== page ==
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Campground Crowding: Reader says RV parks becoming ‘trash bins of humanity’

RV sales have skyrocketed and more people than ever are taking up RVing. The result is campground crowding like never before! In this weekly blog, RV Travel readers discuss their experiences. Maybe we can find some helpful tips and ways to work around the problem.

Here are a few observations from our readers.

Every time is “busy time” due to campground crowding

Mary E. didn’t travel much during COVID and is now finding all the best sites are booked. She explains, “We did only one short trip last year due to COVID. This year we were back to our 5- to 6-week camping trip where we visited family across the country in our motorhome. It was no fun. You had to make reservations in advance and often found that the good sites were all taken. We downsized four years ago and loved getting patio sites so we could be outside. None available. All campgrounds were at capacity and the non-patio sites are one on top of the other so no ability to enjoy your space. Think this is it for us. Had been traveling via motorhome since ’98. We waited to travel until the end of August to ‘avoid busy time’ but it didn’t work.”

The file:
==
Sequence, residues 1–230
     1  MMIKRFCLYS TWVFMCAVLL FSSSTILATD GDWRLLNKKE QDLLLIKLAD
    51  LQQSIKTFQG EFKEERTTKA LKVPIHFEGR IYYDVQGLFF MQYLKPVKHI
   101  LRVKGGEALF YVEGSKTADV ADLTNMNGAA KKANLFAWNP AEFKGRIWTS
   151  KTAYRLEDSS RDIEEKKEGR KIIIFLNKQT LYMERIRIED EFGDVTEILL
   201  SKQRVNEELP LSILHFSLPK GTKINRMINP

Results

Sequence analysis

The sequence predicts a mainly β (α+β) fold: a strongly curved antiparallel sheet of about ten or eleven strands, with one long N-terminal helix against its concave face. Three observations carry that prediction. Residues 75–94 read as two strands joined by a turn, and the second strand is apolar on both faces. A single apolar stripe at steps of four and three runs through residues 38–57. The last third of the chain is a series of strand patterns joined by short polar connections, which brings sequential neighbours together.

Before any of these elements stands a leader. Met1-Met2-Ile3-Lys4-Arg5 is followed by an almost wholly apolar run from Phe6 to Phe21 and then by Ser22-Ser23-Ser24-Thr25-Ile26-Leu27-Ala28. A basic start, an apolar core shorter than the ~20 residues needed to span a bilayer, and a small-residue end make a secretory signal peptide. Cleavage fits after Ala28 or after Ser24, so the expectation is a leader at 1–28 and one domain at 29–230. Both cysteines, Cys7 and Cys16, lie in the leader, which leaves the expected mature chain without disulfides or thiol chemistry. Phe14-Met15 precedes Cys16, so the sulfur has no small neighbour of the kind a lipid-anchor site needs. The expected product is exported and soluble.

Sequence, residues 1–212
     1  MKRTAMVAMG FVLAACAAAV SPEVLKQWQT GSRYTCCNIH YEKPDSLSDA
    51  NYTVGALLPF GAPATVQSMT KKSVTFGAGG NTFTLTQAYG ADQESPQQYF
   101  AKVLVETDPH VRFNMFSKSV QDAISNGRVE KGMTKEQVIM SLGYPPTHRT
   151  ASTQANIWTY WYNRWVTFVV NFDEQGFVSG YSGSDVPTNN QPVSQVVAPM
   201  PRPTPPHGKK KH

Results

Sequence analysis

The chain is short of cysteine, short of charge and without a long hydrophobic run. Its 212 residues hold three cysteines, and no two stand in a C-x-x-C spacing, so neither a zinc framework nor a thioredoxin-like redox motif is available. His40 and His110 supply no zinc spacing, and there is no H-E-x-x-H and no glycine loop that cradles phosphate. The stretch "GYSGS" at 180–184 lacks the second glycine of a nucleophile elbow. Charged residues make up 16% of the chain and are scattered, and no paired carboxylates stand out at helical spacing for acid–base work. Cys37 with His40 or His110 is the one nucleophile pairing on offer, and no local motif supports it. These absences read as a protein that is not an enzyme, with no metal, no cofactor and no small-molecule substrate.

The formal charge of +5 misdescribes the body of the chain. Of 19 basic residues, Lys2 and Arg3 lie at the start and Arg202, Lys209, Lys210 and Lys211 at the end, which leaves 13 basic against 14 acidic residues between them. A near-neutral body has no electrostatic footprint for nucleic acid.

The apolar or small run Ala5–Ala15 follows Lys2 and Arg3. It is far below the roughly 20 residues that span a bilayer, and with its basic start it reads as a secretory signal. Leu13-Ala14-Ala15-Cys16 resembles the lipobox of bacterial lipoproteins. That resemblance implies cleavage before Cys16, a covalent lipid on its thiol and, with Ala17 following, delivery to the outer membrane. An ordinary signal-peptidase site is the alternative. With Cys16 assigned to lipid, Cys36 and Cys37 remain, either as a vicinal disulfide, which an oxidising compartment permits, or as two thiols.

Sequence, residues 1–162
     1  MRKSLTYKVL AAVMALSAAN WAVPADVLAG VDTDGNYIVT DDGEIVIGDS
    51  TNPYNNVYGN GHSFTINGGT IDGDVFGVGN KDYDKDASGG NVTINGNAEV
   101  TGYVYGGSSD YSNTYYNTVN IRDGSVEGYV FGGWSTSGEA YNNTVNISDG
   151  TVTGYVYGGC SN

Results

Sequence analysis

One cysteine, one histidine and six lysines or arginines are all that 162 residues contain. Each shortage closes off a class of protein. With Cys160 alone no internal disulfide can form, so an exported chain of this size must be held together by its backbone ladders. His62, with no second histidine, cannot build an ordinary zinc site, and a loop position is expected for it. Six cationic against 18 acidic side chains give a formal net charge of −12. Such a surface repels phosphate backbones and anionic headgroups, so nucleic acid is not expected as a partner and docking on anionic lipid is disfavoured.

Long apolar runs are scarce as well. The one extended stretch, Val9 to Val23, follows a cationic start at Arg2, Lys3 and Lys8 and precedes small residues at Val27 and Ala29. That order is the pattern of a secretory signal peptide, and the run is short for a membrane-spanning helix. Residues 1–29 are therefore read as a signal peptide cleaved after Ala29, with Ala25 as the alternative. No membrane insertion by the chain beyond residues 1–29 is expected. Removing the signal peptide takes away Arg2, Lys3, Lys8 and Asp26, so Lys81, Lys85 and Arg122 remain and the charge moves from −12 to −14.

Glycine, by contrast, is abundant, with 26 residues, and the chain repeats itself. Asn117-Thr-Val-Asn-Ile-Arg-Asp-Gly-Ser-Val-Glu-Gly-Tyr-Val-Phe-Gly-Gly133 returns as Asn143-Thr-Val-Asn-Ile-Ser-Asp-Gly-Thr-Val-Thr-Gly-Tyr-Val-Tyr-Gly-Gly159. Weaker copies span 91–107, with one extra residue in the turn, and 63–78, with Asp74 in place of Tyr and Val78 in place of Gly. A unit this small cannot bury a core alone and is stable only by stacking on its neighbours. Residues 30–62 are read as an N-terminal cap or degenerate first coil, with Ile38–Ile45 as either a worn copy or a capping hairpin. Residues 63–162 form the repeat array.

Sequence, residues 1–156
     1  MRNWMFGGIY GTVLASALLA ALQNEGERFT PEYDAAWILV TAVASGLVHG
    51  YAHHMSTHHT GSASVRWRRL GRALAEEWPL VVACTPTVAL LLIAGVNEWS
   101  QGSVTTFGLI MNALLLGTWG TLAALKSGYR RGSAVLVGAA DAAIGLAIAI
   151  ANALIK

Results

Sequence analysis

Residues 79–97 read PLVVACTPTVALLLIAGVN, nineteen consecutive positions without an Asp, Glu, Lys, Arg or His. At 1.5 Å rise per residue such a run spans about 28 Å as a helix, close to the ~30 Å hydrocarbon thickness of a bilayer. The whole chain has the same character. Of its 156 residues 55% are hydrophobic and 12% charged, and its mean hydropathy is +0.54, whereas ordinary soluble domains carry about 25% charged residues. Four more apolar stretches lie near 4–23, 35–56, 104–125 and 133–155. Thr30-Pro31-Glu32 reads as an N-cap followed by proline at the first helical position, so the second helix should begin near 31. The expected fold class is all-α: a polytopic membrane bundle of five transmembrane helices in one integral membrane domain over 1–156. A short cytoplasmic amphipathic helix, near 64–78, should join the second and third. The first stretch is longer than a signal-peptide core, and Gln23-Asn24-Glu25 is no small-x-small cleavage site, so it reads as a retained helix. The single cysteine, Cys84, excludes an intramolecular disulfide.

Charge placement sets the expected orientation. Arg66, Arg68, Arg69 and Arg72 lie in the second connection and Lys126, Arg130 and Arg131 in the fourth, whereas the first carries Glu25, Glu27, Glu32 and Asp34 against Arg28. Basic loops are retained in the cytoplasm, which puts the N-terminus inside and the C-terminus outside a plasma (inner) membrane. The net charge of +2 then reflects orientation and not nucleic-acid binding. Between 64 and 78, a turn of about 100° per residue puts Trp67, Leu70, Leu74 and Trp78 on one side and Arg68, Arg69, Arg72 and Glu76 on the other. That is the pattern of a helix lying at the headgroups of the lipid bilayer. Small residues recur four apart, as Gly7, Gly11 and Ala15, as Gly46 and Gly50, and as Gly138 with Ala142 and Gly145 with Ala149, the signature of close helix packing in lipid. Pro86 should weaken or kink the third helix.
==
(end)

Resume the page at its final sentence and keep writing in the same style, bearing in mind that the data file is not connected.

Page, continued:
“Don’t have $500 to shell out a year early”

Ken P. is getting up at midnight to book a site. He says, “Stop people from booking over one week. Let other people use the park. For Arizona state parks you have to get up at midnight to try and get a site a year in advance. You also have to pay in full a year ahead of time. A lot of people don’t have $500 to shell out a year early.”

Mississippi State Parks’ reasonable cancellation policy

Irv K. writes to us about Mississippi’s cancellation policy. “Mississippi State Parks has a reasonable cancellation policy:

  • Pay 100% upfront.
  • Cancel more than a week ahead and get a refund as a voucher good for two years minus a $10 cancellation fee.
  • Cancel within less than a week and get a 50% voucher good for one year.”

Stay upbeat!

Manya N. has some helpful tips to deal with campground crowding from their last trip: “Just returned from four days of spontaneous camping. Tips I followed:

  • Arriving earlier than other campers has worked for me.
  • Not second-guessing myself and taking the site vs. driving around and losing any site.
  • Be flexible.
  • Solo camp if you can. No one to disappoint…
  • STAY UPBEAT!”

Not giving up yet

Mike G. is camping in late September and manages to have found a site right on the coast. He explains, “It seems our favorite Oregon coast campground is not so crowded, but we camp in late September and about 1/3 of the kids are back to school.